A direct indication of both intravascular and surgical correction of renovascular hypertension is diagnosed, hemodynamically and functionally significant renal artery stenosis (> 50%).

For the correction of stenosis, various reconstructive interventions and operations are performed, the form of which is determined by the etiology and prevalence of damage to the renal arteries, abdominal aorta and its other branches. In determining the indications for intravascular and surgical treatment, a number of clinical factors are taken into account: the presence of concomitant pathology, primarily the degree of damage to the cardiovascular system, damage to the coronary vessels, the functional state of both kidneys, and the duration of the presence of hypertension. Contraindications for reconstructive vascular interventions are the terminal stage of renal failure and the presence of cerebral or coronary circulation disorders over the past 3 months. Intravascular or surgical intervention in patients with nonspecific aortoarteritis should be carried out in the phase of laboratory and morphological remission no earlier than 3 months after the normalization of laboratory parameters.

Persistent antihypertensive effect after intervention, depending on the etiology of the disease, is achieved in 30-80% of patients.
At the same time, full normalization of blood pressure is noted only in 25-50% of patients. In addition to the antihypertensive effect itself, revascularization allows stabilization of renal function and a decrease in the number and / or dose reduction of antihypertensive drugs necessary to achieve effective control of blood pressure. In the long term after intravascular or surgical intervention in 10-25% of patients, a relapse of renovascular arterial hypertension due to the progressive course of the underlying disease and the development of renal artery restenosis in the area of ​​angioplasty or the development of “fresh” stenosis or occlusion of another part of the renal artery requiring repeated endovascular or surgical intervention.?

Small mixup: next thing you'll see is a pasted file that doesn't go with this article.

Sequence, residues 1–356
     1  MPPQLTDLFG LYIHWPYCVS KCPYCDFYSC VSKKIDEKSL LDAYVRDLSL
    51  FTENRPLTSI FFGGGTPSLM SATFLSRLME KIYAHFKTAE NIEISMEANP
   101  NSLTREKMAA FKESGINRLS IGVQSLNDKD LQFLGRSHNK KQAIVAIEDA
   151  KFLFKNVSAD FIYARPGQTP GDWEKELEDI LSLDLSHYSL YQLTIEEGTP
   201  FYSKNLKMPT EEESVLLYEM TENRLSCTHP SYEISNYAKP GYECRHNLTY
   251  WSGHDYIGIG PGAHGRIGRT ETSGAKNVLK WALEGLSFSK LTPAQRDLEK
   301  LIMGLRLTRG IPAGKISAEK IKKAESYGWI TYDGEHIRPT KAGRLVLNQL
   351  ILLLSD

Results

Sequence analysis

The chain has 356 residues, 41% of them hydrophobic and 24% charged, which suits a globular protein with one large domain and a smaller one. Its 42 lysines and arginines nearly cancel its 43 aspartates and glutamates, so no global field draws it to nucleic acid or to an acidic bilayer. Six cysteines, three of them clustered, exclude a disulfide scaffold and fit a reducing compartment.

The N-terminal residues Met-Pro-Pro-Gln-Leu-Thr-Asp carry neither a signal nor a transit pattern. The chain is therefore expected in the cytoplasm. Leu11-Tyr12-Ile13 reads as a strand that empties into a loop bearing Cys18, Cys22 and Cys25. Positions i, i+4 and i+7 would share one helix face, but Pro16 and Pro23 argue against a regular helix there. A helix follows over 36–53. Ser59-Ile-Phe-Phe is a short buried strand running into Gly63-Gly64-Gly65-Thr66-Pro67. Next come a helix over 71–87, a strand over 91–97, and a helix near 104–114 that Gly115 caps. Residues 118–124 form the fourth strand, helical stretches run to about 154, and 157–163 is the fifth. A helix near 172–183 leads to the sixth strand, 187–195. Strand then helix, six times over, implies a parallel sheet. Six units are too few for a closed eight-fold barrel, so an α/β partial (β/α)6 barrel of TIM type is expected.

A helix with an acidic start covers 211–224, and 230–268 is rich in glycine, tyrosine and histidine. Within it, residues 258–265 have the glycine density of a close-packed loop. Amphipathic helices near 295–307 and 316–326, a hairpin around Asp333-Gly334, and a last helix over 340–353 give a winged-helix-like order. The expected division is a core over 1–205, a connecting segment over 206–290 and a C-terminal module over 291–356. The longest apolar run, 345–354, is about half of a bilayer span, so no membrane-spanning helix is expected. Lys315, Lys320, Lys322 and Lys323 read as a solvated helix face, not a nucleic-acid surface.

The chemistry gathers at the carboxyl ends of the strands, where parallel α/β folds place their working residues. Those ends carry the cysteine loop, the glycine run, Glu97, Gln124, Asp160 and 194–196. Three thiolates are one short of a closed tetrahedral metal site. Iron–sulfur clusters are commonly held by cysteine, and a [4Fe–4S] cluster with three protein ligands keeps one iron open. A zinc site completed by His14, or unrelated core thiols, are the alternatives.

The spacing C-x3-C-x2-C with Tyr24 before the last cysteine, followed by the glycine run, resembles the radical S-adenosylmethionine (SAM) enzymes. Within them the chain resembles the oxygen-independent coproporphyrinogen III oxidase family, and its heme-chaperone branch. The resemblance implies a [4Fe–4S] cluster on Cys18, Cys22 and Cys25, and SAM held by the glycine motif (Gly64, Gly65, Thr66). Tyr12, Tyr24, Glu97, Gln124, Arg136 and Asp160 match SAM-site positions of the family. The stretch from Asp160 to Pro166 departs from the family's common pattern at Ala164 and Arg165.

In order to eliminate stenosis and normalize blood supply to the kidneys in the last 15 years, endovascular balloon dilatation is the most widely used - the expansion of the stenotic section of the renal artery using dilated balloon catheters. Currently, angioplasty is often used in combination with stenting of the affected artery (recommendation class 11A, level of evidence B). The advantages of this method are low morbidity, a shorter duration of the patient’s stay in the hospital, the possibility of using it in a heavy contingent of patients, in particular in elderly people with increasing renal failure (recommendation class 11A, level of evidence B), respiratory failure, in patients with unstable angina ( class of recommendations 11A, level of evidence B), CHF (class of recommendations I, level of evidence B), with a crisis course of AH. The introduction of stenting compared with conventional angioplasty has increased the effectiveness of the revascularization procedure, to provide better long-term results of patency of the artery and to reduce the frequency of restenosis. The effectiveness of this treatment method does not depend on the age and gender of the patients.